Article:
The Te Deum is an ancient (fourth century) hymn of praise traditionally sung during Easter. During your family prayer time or before a meal, try praying it slowly and meditatively with your older kids and teens.
This is an expanded version of the entry in The Catholic Family Book of Prayers.
You are God: we praise you;
You are the Lord: we acclaim you;
You are the eternal Father:
All creation worships you.
To you all angels, all the powers of heaven,
Cherubim and Seraphim, sing in endless praise:
Holy, holy, holy, Lord, God of power and might,
heaven and earth are full of your glory.
The glorious company of apostles praise you.
The noble fellowship of prophets praise you.
The white-robed army of martyrs praise you.
Throughout the world the holy Church acclaims you:
Father, of majesty unbounded,
your true and only Son, worthy of all worship,
and the Holy Spirit, advocate and guide.
You, Christ, are the king of glory, the eternal Son of the Father.
When you became man to set us free you did not spurn the Virgin’s womb.
You overcame the sting of death,
and opened the kingdom of heaven to all believers.
You are seated at God’s right hand in glory.
We believe that you will come, and be our judge.
Come then, Lord, and help your people,
bought with the price of your own blood,
and bring us with your saints to glory everlasting.
Save your people, Lord, and bless your inheritance.
Govern and uphold them now and always.
Day by day we bless you.
We praise your name for ever.
Keep us today, Lord, from all sin.
Have mercy on us, Lord, have mercy.
Lord, show us your love and mercy;
for we put our trust in you.
In you, Lord, is our hope:
and we shall never hope in vain.
Ways to Pray
Try this: Print out enough copies for each person in your family of reading age, and have each person read one line in turn.
If your family is musical, try singing the Te Deum. Here’s one musical option:
And here’s another:
About the prayer
Here’s a little background on the Te Deum, courtesy of Wikipedia:
The Te Deum (also known as Ambrosian Hymn or A Song of the Church) is an early Christian hymn of praise. The title is taken from its opening Latin words, Te Deum laudamus, rendered as “Thee, O God, we praise.”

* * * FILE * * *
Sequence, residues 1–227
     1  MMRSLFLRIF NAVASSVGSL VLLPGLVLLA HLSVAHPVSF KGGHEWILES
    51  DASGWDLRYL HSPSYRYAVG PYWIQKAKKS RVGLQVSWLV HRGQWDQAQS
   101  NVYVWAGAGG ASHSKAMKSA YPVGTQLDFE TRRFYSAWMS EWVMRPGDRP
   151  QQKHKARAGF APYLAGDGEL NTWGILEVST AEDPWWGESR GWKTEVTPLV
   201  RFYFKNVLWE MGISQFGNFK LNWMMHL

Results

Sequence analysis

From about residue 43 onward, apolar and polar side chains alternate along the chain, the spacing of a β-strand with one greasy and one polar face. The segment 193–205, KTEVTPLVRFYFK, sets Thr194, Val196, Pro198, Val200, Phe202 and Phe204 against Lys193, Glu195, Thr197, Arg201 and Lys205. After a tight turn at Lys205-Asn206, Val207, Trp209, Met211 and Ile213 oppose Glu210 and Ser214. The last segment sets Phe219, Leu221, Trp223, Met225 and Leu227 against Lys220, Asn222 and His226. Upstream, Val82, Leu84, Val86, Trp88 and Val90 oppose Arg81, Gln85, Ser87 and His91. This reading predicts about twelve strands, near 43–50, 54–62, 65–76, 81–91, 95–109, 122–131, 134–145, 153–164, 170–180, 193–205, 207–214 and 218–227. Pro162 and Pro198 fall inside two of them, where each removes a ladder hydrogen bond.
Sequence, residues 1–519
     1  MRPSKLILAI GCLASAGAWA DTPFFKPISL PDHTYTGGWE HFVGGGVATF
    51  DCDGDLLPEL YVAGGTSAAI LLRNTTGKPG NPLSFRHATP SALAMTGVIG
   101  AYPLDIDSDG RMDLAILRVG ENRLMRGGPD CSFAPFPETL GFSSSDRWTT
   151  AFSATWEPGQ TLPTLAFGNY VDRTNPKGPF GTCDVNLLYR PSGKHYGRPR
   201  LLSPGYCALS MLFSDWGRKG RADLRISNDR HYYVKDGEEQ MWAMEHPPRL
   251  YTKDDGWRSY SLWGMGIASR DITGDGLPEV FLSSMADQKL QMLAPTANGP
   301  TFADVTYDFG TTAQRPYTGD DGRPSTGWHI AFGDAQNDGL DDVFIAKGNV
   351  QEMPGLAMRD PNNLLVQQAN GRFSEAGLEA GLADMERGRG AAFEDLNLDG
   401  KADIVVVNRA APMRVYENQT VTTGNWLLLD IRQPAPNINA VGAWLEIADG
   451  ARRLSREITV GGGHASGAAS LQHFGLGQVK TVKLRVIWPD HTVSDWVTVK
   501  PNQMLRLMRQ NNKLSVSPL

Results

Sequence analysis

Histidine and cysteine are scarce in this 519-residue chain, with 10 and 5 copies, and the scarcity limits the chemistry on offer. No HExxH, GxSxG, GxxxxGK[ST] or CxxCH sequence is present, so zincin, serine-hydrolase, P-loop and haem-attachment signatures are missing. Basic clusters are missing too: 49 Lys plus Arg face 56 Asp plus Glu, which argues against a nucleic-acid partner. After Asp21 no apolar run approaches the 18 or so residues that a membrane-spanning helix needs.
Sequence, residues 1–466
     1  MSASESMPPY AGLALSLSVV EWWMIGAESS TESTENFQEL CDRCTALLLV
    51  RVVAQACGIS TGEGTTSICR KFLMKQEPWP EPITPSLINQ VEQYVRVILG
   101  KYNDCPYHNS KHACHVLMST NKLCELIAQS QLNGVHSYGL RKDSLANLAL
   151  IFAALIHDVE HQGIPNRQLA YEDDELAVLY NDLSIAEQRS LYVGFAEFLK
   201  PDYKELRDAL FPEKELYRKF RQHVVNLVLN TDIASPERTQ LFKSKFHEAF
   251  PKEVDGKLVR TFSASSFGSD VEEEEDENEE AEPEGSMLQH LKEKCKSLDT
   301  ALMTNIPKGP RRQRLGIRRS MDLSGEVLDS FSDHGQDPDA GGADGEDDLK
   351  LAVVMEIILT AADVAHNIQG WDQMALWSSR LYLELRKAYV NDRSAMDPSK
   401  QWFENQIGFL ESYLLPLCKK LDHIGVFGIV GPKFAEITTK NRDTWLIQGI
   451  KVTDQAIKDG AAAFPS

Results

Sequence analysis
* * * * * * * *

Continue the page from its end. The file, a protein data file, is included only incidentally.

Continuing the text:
Authorship is traditionally ascribed to Saints Ambrose and Augustine, on the occasion of the latter’s baptism by the former in AD 387. It has also been ascribed to Saint Hilary, but The Historical Companion to Hymns Ancient and Modern says “it is now accredited to Nicetas, bishop of Remesiana; (4th century).”
The petitions at the end of the hymn (beginning Salvum fac populum tuum) are a selection of verses from the book of Psalms, appended subsequently to the original hymn.
The hymn follows the outline of the Apostles’ Creed, mixing a poetic vision of the heavenly liturgy with its declaration of faith. Calling on the name of God immediately, the hymn proceeds to name all those who praise and venerate God, from the hierarchy of heavenly creatures to those Christian faithful already in heaven to the Church spread throughout the world. The hymn then returns to its credal formula, naming Christ and recalling his birth, suffering and death, his resurrection and glorification. At this point the hymn turns to the subjects declaiming the praise, both the universal Church and the singer in particular, asking for mercy on past sins, protection from future sin, and the hoped-for reunification with the elect.
The hymn was chanted jubilantly by the people of Orléans after the successful Siege of Orléans, during the Hundred Years’ War, when St. Joan of Arc and the French army entered the town.
Read a version of the Te Deum with a responsorial ending at EWTN